## - Exponential Distribution

A classical situation in which an exponential distribution arises is as follows: Consider a Poisson process with mean λ where we count the events occurring in a given interval of time or space. Let X denote the waiting time until the first event to occur. Then, for a given x > 0,

P (X > x) = P (no event in (0, x))

= exp(−xλ), and hence

P (X ≤ x) = 1− exp(−xλ). (15.1) The above distribution is the exponential distribution with mean waiting time b = 1/λ. The probability density function (pdf) is given by

f(x|b) = 1 b exp

( −x b

) , x > 0, b > 0. (15.2)

Suppose that the waiting time is known to exceed a threshold value a, then the pdf is given by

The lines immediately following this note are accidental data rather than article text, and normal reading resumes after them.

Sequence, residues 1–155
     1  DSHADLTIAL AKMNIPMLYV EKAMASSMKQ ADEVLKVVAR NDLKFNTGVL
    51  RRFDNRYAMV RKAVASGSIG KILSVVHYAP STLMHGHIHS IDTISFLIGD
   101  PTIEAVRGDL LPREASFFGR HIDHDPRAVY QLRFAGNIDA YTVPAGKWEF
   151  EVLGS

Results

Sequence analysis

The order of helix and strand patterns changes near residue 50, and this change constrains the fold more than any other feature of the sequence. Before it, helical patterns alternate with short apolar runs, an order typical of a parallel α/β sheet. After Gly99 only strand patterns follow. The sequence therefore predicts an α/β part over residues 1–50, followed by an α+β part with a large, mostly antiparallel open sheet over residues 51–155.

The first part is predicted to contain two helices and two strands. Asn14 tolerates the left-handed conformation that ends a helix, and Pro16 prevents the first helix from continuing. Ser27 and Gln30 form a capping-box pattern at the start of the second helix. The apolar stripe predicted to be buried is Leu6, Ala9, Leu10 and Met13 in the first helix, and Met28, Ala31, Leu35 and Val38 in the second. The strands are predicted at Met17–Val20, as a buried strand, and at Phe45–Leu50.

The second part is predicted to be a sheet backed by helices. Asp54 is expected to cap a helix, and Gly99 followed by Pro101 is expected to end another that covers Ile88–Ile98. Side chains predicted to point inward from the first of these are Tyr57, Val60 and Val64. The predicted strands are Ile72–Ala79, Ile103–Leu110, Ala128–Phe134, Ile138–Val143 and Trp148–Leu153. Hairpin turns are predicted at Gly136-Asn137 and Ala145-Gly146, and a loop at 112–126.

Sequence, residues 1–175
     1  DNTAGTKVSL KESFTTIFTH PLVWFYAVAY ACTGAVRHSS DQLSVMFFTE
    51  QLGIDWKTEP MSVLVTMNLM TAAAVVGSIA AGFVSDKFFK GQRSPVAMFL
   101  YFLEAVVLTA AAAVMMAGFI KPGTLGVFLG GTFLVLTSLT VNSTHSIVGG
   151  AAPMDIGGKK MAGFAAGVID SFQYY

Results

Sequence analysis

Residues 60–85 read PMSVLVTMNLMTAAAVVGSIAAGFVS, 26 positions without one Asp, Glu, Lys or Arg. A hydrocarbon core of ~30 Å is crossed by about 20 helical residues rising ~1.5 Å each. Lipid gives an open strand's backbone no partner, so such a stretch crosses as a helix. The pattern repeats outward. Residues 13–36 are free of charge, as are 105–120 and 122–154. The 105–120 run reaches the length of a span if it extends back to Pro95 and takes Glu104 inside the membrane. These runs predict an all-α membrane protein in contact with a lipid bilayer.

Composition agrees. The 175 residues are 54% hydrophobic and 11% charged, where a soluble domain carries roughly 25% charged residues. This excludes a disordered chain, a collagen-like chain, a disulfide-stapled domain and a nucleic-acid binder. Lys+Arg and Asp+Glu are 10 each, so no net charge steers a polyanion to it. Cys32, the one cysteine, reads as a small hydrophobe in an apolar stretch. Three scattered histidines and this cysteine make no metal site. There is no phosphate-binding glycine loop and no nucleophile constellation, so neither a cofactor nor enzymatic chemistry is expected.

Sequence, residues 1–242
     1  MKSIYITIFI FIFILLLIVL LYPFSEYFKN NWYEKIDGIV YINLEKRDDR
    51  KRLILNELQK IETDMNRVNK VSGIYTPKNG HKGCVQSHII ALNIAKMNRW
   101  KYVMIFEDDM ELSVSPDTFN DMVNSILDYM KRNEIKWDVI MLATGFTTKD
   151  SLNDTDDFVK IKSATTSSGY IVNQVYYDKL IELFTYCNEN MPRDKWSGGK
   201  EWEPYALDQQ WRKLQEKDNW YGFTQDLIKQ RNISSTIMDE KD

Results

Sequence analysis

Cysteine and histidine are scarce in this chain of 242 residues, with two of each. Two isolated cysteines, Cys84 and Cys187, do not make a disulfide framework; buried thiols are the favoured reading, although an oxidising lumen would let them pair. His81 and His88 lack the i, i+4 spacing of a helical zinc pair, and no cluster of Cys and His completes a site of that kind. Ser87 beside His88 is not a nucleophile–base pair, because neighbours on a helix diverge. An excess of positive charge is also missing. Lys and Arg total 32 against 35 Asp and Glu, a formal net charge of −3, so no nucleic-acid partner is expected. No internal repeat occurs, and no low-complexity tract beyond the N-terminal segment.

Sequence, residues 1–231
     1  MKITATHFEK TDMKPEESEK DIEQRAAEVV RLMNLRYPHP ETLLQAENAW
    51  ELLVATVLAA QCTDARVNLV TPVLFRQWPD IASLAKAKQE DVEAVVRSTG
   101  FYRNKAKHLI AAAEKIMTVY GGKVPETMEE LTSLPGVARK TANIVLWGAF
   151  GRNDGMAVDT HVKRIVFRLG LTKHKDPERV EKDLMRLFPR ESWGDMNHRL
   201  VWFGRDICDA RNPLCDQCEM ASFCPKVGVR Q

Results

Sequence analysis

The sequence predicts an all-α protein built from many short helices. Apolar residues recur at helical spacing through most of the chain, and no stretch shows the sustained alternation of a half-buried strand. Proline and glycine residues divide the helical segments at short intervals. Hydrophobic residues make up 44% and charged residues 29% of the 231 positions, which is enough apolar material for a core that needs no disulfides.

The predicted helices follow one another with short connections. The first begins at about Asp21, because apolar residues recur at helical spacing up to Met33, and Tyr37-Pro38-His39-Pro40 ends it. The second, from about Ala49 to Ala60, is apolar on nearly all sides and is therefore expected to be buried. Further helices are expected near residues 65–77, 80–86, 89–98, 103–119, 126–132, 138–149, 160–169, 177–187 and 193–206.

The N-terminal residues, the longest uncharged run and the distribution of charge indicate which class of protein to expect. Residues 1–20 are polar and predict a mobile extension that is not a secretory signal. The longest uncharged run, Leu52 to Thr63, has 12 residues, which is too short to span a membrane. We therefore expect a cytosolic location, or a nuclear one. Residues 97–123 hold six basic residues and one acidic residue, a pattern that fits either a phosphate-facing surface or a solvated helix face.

f(x|a, b) = 1 b exp

( −x− a

b

) , x > a, b > 0. (15.3)

The distribution with the above pdf is called the two-parameter exponential distribution, and we referred to it as exponential(a, b). The cumulative distribution function is given by

F (x|a, b) = 1− exp(−(x− a)/b), x > a, b > 0. (15.4)

Mean: b+a Median a− ln(.5)b

Variance: b2 Mode: a

Coefficient of Variation: b b+a

Coefficient of Skewness: 2

Coefficient of Kurtosis: 9

Moment Generating Function: (1− bt)−1, t < 1 b when a = 0

Moments about the Origin: E(Xk) = bkΓ(k + 1) = bkk!, k = 1, 2, . . .; a = 0

The dialog box [StatCalc→Continuous→Exponential→Probabilities...] computes the tail probabilities, percentiles, moments, and other parameters of an exponential distribution.